In this paper titled “Simple as it can be, but not simpler: Perceived elegance as effective complexity in Interface Design” and that has received a best paper award at the 2020 AMCIS conference, we propose and test a method to measure the elegance of an interface (the paper and the presentation are both accessible at this link).
The attribute elegant is often associated with original as well as parsimonious information representation as in “elegant theory”. In all these cases, elegance pertains to a theory’s ability to explain more with less rules and assumptions. For Instance, the Copernican theory that puts the sun at the center of the solar system is more elegant than the Ptolemaic one in which the Earth is at the center.
Aesthetic pleasure is somehow related to the recognition of order. But what kind of order do we look for? And how much order do we need? Research on aesthetic appreciation shows that we tend to prefer combinations of stimuli that are both familiar and novel. Conversely, we can experience easily that situations in which either the familiar or the novel are predominating tend to be unpleasant, although for different reasons.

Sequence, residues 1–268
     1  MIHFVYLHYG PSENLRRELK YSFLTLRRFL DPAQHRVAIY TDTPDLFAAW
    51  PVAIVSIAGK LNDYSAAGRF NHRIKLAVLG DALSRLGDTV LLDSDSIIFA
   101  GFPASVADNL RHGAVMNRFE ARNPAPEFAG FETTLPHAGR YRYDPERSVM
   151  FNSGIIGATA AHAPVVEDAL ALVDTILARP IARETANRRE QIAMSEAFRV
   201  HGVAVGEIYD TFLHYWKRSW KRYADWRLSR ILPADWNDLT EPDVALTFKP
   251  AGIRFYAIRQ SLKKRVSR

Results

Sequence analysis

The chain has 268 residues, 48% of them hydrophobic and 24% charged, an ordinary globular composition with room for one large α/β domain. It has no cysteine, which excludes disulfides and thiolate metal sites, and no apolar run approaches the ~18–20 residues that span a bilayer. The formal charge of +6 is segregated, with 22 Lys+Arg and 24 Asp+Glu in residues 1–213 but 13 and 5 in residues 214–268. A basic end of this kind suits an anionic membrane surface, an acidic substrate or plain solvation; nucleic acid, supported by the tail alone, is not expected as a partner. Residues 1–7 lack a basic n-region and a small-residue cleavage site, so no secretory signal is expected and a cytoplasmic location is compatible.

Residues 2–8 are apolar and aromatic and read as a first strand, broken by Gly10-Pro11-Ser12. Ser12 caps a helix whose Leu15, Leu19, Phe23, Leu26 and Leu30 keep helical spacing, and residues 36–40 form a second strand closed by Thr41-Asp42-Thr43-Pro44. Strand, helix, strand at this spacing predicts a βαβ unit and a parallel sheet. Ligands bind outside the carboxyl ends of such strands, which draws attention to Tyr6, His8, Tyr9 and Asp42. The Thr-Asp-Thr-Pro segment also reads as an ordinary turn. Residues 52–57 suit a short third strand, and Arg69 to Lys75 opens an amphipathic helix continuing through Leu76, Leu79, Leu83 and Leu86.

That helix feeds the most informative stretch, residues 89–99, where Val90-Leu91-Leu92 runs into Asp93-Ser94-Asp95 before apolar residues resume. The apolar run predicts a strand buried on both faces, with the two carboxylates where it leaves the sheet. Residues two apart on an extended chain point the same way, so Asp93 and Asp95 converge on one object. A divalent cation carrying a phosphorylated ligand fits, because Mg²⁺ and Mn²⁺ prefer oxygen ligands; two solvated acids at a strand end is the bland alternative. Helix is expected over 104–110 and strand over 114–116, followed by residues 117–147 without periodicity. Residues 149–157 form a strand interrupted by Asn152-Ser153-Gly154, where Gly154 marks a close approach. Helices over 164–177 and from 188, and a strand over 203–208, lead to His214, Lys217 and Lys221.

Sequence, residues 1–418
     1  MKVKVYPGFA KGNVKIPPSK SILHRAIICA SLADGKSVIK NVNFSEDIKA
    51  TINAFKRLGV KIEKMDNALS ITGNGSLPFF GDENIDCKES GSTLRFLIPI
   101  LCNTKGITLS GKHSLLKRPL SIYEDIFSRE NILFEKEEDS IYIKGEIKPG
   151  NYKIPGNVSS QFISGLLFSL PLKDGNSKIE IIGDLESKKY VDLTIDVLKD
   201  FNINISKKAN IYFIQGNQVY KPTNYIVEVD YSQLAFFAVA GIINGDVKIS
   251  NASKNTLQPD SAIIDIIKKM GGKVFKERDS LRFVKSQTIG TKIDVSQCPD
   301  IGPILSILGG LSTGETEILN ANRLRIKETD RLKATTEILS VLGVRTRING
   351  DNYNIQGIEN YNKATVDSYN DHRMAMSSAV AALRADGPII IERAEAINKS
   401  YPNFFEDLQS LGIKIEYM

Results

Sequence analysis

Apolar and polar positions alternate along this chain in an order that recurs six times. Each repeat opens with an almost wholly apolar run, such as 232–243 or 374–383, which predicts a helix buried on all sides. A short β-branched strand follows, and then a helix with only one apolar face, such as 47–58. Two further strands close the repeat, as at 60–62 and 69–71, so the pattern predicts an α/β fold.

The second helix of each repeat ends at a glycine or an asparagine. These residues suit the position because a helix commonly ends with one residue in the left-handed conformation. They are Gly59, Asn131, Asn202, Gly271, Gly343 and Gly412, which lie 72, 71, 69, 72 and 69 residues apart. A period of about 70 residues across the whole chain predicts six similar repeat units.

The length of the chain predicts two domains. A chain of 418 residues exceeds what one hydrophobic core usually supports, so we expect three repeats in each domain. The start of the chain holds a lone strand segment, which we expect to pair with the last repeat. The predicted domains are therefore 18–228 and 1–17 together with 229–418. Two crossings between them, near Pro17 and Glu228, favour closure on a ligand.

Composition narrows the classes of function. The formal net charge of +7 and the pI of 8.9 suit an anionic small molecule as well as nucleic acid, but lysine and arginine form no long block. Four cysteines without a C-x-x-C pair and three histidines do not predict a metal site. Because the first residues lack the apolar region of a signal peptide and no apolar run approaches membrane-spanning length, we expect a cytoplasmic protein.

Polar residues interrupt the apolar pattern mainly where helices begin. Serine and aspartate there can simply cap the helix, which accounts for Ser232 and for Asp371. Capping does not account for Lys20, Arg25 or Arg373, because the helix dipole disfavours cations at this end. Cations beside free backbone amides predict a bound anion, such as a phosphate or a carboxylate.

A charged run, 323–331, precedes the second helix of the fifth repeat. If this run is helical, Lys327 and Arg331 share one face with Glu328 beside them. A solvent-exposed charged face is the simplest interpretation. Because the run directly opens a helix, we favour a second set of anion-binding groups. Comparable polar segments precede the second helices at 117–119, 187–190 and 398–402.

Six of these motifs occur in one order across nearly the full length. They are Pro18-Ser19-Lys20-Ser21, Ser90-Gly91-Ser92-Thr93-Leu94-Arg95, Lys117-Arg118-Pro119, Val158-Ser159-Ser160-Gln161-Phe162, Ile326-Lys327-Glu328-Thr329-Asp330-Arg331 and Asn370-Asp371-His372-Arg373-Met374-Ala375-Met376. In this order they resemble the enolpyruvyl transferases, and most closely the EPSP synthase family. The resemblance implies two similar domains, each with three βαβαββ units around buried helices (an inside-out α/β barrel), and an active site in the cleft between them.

Aesthetic decision making is immediately visible in the process of artistic creation. In this short movie, Monet is making an impressive amount of micro-decisions in the act of capturing the fleeting reflections of light over waterlilies in a pond. These decisions are aesthetic not only because they are about the making of an artistic product, but because the artist grounds them on the empirical perception of light and color. The sensory flow, mediated by what the artist is trying to achieve and by his representation of the world, are a key ingredient in determining where the next brushstroke is going to fall. The word aesthetics, in fact, means “what pertains to the senses.”